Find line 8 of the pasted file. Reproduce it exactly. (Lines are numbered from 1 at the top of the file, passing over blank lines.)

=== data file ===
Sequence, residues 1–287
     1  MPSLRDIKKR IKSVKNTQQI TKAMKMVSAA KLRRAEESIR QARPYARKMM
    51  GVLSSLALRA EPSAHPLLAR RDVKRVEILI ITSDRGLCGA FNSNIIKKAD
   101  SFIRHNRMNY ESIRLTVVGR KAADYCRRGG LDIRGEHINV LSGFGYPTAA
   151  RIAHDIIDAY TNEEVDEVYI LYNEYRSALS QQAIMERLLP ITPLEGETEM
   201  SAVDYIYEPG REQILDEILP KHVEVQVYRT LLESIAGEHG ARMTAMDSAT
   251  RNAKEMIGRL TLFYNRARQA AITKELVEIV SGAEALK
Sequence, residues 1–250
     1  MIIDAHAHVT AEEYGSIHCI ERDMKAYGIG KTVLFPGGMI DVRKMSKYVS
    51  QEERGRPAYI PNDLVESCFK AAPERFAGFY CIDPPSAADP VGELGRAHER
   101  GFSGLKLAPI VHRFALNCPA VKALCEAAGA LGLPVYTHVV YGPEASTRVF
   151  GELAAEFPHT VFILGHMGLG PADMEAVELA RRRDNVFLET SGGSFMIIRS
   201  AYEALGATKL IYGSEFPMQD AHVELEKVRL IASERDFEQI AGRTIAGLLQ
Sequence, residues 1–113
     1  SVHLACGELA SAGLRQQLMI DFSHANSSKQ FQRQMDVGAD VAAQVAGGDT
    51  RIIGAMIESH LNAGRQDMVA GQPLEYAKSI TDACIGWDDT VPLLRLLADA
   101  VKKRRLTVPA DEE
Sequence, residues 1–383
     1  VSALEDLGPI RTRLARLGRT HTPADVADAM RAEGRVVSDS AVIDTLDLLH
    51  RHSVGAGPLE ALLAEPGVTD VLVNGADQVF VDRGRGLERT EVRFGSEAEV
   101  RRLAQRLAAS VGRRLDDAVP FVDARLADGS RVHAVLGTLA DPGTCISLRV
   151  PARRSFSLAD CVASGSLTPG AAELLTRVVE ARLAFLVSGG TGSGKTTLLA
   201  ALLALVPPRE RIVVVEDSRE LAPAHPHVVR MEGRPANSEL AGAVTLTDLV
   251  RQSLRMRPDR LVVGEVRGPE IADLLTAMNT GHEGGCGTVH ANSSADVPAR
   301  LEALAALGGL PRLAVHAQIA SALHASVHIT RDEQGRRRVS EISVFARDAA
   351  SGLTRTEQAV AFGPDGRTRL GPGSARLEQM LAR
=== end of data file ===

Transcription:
Sequence, residues 1–250